For Ellie, her social isolation is compounded by the fact that her father is still grieving over the death of her mother and rarely socializes for fear that people won't understand him because of his accent. He heavily relies on Ellie to act as the family's voice and, in some ways, allows Ellie to act as the parent. It's a heavy burden for a high schooler, but it doesn't prevent the two from being close. It's a familiar dynamic for children of immigrants, which I explained to Lewis is the reason the father-daughter relationship strongly resonated with me. The actress felt the same, noting that their dynamic hit close to home with her because it's obvious that they love one another.
"Being a teenager and discovering your place in the family can be a very interesting experience. At that age, I don't think I was as close to my parents until I needed to draw closer to them. Similarly, Ellie and her father don't have this dialogue until a huge event pops up in their life and brings them closer together as well. And because he's not as fluent in English, we don't see them communicating so much with words, but more with their actions and the way that they move with each other at home. It's in the secret moments where he's there for Ellie when she is sad," she said.
"I feel like Paul is the first instance of Ellie and her father truly being seen by somebody in this town. Her father stays at home and doesn't really have any friends, and then Paul enters the picture and starts bringing in meat for him and hanging out with him. It's cool seeing Paul kind of open up both of these characters, it's really beautiful. That was one of my favorite things!"
"That is the moment where we realize someone finally sees her and how beautiful is that?"
Paul, the second half of The Half of It's doomed love triangle, is the catalyst for more than just Ellie and Aster's world properly colliding. The earnest jock becomes Ellie's first friend through the sheer desire to know her outside of their farce: defending her from bullies, asking questions about her family and life, encouraging her to do what she loves and play her music. He doesn't just become Ellie's friend: he becomes her partner, her confidante, and shows her another face of love that isn't her father. He shows her that, despite not understanding her completely, people can still care about her and love her. It's a beautiful relationship, and one that doesn't fail to get Lewis emotional when she talks about it.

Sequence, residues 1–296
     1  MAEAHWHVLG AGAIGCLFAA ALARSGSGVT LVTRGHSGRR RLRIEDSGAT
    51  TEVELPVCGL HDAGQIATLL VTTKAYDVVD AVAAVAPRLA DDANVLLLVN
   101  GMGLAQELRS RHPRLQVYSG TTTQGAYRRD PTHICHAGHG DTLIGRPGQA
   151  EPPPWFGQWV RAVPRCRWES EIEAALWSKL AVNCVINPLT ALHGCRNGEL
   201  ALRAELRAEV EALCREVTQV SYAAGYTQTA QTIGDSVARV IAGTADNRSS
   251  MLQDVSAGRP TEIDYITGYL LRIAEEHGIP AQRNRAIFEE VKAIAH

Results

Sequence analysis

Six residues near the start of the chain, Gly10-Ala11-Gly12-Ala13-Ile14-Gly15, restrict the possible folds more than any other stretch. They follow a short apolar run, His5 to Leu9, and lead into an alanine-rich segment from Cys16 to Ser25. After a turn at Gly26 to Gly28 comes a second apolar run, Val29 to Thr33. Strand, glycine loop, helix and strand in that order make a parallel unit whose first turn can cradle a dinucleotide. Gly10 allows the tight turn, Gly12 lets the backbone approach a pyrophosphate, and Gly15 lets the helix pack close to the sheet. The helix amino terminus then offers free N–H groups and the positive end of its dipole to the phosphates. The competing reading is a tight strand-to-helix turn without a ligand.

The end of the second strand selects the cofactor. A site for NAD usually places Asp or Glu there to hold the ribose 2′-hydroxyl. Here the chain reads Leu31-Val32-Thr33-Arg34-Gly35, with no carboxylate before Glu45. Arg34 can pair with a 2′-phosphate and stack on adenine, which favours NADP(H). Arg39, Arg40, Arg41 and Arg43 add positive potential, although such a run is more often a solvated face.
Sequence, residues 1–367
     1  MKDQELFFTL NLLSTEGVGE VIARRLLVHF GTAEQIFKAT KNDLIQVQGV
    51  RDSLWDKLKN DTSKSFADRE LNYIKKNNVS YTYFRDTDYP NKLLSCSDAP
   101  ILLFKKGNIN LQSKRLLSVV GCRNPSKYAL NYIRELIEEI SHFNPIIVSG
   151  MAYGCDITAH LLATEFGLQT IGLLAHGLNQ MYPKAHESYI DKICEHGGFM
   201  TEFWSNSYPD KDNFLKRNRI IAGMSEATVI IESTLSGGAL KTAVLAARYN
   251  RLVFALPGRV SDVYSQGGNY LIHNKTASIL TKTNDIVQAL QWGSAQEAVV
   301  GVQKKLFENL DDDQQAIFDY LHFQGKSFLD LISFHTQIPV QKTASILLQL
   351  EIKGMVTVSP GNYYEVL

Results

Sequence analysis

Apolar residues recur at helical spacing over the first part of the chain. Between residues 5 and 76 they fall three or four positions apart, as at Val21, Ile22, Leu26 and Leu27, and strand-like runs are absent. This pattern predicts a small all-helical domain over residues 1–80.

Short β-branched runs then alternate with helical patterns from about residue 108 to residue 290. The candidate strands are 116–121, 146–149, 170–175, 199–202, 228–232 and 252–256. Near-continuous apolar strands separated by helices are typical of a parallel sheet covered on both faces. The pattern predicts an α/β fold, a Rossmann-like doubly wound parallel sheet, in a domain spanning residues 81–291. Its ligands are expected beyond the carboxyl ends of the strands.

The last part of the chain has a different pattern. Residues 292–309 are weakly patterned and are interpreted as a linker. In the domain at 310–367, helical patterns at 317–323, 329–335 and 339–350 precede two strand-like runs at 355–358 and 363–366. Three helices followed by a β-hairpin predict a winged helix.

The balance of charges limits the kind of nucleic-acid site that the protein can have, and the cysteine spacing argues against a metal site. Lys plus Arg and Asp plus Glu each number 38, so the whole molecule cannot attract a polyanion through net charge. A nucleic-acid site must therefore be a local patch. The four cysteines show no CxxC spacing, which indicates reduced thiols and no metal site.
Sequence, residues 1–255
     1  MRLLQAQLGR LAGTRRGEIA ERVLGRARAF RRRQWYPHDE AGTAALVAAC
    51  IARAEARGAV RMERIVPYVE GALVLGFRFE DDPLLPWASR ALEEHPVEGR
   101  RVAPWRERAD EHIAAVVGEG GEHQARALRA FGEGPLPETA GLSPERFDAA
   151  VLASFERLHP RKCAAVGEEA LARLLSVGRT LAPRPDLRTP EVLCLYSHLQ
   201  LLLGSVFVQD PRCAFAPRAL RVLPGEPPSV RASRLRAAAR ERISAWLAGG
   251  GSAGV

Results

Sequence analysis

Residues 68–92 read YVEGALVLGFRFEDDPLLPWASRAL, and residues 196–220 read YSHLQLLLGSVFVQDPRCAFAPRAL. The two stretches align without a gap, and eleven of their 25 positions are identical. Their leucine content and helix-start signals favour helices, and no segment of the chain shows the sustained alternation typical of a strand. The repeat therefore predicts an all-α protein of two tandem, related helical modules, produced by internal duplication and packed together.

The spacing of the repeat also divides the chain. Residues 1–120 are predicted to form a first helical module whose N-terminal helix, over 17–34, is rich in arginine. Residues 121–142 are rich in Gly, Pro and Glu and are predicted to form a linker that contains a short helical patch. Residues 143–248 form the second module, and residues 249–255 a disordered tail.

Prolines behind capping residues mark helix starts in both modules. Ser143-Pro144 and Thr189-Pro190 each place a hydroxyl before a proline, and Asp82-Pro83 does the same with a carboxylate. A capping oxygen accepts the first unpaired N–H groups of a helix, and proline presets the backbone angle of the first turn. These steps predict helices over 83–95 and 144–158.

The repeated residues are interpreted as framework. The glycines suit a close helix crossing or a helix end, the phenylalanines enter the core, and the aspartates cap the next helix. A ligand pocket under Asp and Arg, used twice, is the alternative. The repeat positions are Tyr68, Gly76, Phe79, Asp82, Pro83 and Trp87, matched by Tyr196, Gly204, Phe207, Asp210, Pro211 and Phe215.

When I asked her what she would say was the most significant moment in the duo's friendship, Lewis warned me no less than three times that she would probably start crying while talking about it. (Her voice definitely wobbled a few times.) "The most significant moment in their relationship was something that Ellie didn't even see when after everything was said and done: Paul goes to her father and still brings him the meat," she said. "That little action just shows his love for her, his acceptance for her. He literally says to her father, 'You don't see her.' Oh my God, I could cry just thinking about the fact that that is the moment where we realize someone finally sees her, and how beautiful is that?"
"We were like our characters where we just wanted the best for each other and we just loved each other so much."
On the other hand, Lewis's favorite scene with Diemer is the final scene, where Paul and Ellie say goodbye to each other at the train station, which Wu made special for both actors. "Daniel and I became close friends offscreen and Alice totally embraced that. She would always pull us aside and tell us different things about each other. Right before the train scene, she pulled me aside and asked me what I wished for Daniel in life. I just thought we were having a conversation and I was like, 'Oh, I hope he has a good life,'" Lewis recounted. "Then right before we shot the goodbye scene, she whispered in my ear what Daniel wished for me in my life. I completely just broke down. We were like our characters, where we just wanted the best for each other and we just loved each other so much. So, I'm just reduced to tears every time I think about it."